Unlawful sexual harassment is unwelcome sexual conduct (physical, verbal, written, or otherwise) that is either severe or pervasive and creates a hostile working environment, objectively and subjectively, to that employee causing damages.
In this blog, California employment lawyer Lisa Sherman addresses each of the six elements of a sexual harrassment claim and what employers should do if they’re facing this type of claim.
The conduct at issue must be sexual in nature. This element can be an issue when the alleged conduct seems innocuous and non-sexual, but the complainant claims that the communication was intended to be sexual based on the manner in which the parties communicate with one another and/or the context of the entire conversation.
For example, employees joking at a car dealership were alleged to have said to one another, “He’ll take it in the brown” in front of a female employee, which seemed to be innocuous to me in reference to a color of a car, until the employees testified of its underlying sexual meaning.
The conduct must be unwelcome. While a victim does not have to say “no” or “stop,” this element focuses on how the victim responds to the alleged sexual conduct.
The context of the entire exchange and the relationship between the complainant and the accused are examined under a microscope. Even if it becomes a “he said/she said,” the evidence that becomes crucial is what others observe and written communications including, emails, texts, pictures etc., even if the conduct is after work.
This always comes up when two employees in the workplace start off friendly and joking. Something happens to upset one of the employees, and the other employee continues to joke unaware. Or two employees are dating and after they break up, any conduct after is unwelcome to one of them which is actionable.
“Severe or Pervasive Conduct”
The conduct must be severe or pervasive. The critical lesson here is that not every sexual joke or touch, even if unwelcome and clearly inappropriate in the workplace, is unlawful.
To be unlawful, all of the alleged sexual conduct is examined in total to determine if all of the conduct considered together rises to the high bar set by state and federal laws.
If the alleged sexual harassment boils down to one interaction, that conduct will only be unlawful if it is severe. For example, one incident of date rape is severe, while one slap of a buttocks may not qualify.
Pervasiveness looks at how often the conduct occurs so while one physical touching may not be severe enough on its own, combined with daily comments, for example, it may meet the pervasive element.
Examination of the alleged conduct from when it began to when it ended, how often the two parties interacted with one another, the frequency of the alleged conduct during this timeframe, and the conduct itself, are all considered in determining if this element is met.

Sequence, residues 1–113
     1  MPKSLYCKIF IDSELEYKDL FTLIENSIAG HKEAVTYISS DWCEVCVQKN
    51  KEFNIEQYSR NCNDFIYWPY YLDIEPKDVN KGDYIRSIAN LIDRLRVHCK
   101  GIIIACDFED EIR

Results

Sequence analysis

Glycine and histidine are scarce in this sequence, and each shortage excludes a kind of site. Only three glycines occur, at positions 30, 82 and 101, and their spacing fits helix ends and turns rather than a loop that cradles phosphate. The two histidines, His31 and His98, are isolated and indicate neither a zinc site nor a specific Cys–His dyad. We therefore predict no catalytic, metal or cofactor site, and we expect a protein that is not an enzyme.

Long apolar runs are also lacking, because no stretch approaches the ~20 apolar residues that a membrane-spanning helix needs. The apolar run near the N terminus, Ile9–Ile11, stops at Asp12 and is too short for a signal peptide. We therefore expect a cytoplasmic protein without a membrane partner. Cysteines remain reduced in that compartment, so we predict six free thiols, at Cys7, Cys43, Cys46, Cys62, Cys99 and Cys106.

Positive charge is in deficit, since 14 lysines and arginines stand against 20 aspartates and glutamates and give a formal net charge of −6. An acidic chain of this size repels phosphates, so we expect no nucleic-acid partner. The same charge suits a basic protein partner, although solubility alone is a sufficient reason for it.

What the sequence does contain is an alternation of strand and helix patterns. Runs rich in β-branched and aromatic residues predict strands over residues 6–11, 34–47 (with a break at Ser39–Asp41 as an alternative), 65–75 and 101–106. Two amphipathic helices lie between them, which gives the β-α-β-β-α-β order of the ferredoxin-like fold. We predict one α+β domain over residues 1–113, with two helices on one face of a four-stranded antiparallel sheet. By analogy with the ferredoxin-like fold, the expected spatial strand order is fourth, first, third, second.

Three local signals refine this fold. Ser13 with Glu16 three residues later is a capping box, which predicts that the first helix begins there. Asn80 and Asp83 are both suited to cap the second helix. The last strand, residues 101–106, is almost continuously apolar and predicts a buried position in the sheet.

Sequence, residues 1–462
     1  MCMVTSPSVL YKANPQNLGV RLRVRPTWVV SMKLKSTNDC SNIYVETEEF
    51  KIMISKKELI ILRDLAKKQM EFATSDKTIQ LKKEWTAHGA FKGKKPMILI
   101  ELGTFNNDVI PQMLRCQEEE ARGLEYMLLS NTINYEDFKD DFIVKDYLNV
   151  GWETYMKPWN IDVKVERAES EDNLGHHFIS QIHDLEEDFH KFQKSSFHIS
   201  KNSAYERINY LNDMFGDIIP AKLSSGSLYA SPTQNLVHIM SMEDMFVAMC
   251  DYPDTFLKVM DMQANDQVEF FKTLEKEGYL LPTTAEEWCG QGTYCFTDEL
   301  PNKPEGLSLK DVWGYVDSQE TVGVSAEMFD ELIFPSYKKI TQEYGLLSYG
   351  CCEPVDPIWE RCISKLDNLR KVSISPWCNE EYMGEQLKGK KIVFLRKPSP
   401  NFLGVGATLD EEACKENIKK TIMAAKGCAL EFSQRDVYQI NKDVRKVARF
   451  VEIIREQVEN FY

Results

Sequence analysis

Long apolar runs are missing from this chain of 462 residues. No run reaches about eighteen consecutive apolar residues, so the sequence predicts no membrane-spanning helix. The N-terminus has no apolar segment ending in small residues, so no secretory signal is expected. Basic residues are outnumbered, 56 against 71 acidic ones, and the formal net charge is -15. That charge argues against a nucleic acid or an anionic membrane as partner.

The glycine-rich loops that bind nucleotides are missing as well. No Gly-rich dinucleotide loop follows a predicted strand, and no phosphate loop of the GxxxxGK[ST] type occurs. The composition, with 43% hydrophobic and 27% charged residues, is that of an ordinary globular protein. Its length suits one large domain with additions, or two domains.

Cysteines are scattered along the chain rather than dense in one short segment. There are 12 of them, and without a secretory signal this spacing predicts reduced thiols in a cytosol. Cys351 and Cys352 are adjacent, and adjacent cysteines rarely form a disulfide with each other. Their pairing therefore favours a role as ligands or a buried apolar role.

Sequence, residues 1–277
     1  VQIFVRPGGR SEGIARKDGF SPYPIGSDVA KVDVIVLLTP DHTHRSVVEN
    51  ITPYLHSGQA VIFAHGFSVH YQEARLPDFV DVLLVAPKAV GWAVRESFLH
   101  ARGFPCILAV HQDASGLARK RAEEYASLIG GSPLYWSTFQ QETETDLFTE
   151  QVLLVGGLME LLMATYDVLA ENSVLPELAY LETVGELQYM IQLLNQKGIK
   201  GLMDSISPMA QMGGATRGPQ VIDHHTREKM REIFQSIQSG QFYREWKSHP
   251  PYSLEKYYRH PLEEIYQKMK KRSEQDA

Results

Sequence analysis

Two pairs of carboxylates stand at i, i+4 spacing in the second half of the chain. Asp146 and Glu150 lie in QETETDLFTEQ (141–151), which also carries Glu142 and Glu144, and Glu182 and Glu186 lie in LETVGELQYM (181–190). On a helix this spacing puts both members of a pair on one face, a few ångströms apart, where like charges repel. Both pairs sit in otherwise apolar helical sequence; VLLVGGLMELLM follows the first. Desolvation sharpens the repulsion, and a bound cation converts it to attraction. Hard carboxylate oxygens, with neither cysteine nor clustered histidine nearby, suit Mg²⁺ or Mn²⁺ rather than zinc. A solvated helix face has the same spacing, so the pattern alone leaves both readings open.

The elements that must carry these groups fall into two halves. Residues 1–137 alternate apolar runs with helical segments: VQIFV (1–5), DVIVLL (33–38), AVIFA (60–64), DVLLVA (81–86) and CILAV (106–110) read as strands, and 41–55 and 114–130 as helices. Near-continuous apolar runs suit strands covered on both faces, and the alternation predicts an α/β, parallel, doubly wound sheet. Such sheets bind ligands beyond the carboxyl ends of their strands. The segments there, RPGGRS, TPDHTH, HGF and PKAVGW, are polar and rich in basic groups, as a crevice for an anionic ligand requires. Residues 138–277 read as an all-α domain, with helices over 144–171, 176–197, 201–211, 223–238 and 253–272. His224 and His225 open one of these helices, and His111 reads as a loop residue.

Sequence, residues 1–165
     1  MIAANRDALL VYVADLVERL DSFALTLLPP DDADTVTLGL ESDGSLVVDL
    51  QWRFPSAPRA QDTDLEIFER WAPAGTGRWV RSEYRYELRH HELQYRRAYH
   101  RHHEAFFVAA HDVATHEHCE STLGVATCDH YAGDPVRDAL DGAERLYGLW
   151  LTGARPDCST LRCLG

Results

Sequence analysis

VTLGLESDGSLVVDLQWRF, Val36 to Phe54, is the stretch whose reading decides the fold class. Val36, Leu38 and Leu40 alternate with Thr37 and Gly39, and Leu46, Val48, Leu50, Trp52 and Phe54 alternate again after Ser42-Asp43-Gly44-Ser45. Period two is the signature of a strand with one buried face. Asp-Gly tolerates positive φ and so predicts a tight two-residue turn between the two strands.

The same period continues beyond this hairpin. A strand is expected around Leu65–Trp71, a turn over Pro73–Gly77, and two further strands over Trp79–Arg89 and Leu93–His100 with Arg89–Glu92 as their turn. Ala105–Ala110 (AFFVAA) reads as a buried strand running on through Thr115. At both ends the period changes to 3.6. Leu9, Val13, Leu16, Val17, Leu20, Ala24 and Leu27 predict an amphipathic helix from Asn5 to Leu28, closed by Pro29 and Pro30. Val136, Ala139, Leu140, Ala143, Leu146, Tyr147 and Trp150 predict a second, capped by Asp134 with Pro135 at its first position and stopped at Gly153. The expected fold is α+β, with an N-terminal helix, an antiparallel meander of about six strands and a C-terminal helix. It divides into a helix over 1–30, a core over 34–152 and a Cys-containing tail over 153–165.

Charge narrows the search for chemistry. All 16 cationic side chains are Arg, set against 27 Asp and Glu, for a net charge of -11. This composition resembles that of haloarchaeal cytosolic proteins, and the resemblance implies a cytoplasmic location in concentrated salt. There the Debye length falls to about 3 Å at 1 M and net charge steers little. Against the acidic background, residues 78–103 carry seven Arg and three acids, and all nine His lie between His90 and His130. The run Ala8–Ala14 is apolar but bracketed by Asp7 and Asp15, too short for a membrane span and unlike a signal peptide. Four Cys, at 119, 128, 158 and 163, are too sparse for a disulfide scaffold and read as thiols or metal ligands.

Objectively Offensive Conduct
The alleged conduct must create a hostile working environment that would be offensive to a reasonable person in the victim’s position. This is an objective standard to exclude claims by either a victim who is overly sensitive or conduct that most persons would find innocuous.
So, if the victim is a female, would a reasonable woman in the victim’s shoes consider the alleged conduct so offensive that she, too, could not work under these conditions?
If the victim is a male, then the same analysis is done as to a reasonable man. To illustrate this, a female plaintiff alleged a handful of comments by her female supervisor that either in context did not seem to be sexual or were innocuous. The court dismissed her claims on the objective element – no reasonable woman in her position would consider this conduct to be so offensive that she could not work there.
Subjectively Offensive Conduct
The alleged conduct must create a hostile working environment that was in fact offensive to the victim.
For example, evidence presented at trial showed that the alleged conduct – sexual comments and alleged touching – was not only welcomed by the plaintiff, who boasted of sexual escapades, and that he was not at all offended by alleged comments by his female supervisor.
Alleged Conduct Caused the Employee Damages
The employee must prove damages from the alleged harassment.
It is not enough to be upset and have hurt feelings, but rather they must present actual monetary loss such as missed work or treatment for severe emotional distress. If the employees are seeking damages for emotional distress and/or economic damages, they waive their right to privacy as to any other pre-existing or concurrent psychological treatment and financial privacy.
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The same elements apply for other protected classes. While employees often use the term “harassment,” not all conduct qualifies. Nonetheless, California employers are required to investigate all such claims.
At the Sherman Law Corporation, we help employers eradicate claims by opportunistic employees so that California businesses can get back to work. For more information on the required elements in proving unlawful sexual harassment, feel free to call Lisa Sherman at (323) 488-2087 or email email@example.com.